It is very interesting to think the ancients, particularly the Greeks, may have had trans-Atlantic contact with the Americas, especially when coupled with the Islamic Golden Age. Given that it was this (the latter) civilization which translated and expanded upon numerous Greek writings, and coupled with recent findings which suggest that early (10th-11th centuries) Andalusian navigators sailed as far as the Sargasso Sea, it is not unreasonable to believe that such journeys were undertaken as a direct response to existing understandings of Greek knowledge of the world’s geography. Too, there is much to be said about the capability of other pre-Colombian navigators, such as the Chinese-Muslim Xhang He.

    One of the major problems in early recent European understandings and theories of human population dispersal has, unfortunately, been terribly shaded by a pervasive belief in the truth of religious narrative. For a very long time in Europe, it was believed that the Bible was a literal record of history. As such, all of the peoples of the world had already been accounted for, as descendants of the three sons of Noah. This Antedeluvian belief system had no place for unknown people. When, in 1492, Columbus discovered for a newly-purely-Christian monarch an unaccounted-for people, “heresy” was the only logical response. It is thus unsurprising that Jesuits accounted for much of the destruction of the vast majority of Mayan and Aztec codices.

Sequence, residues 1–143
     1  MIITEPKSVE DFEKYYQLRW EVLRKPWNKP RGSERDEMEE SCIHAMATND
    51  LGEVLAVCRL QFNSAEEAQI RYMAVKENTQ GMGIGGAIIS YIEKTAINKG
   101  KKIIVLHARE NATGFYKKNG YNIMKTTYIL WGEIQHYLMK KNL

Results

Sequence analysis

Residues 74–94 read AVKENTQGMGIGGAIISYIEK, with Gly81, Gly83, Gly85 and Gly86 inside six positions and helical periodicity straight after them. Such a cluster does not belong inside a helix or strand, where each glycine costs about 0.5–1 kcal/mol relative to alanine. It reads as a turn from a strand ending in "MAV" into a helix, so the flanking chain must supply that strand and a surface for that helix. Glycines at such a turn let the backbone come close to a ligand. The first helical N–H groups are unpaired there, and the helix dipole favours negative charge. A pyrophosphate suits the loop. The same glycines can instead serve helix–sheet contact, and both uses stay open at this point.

But the longer term effect of this mindset was an unwillingness to accept any hypothesis which did not adhere to the idea that the Bible was literal truth. The first widely-accepted hypothesis, and one which has only recently come under fire, was Clovis First. This is the theory that the entirety of the Americas, both North and South, were colonized by an Asiatic group who crossed the Bering Land Bridge during the last ice age, when sea levels were lower. Merely getting the Young Earth Creationist-but-still-scientific crowd to accept that the Earth was older than ~6000 years was a huge achievement. Getting them to accept that Noah wasn’t real, that the flood didn’t cover the entire planet and kill everyone except Noah, his wife, and their three sons? That was too big a step. It is this mindset which continues to haunt and pervade serious academic research into pre-Colombian population dispersal models.

  • lavallette

    I much prefer the theory that the Egyptians made it to central and South America on the Atlantic prevailing currents. Evidence: The Pyramidal Structures of the Aztecs and the Incas as well as the similarity of the facial features on their sculptures

  • dr_mabeuse

    I’m sick of these speculations about who “discovered” America. The native Americans discovered it. The only other ones who deserve note are the ones who changed its history. Stopping for a picnic or a walk in the woods doesn’t count because it doesn’t matter.

  • chenelope

    Nice article Vince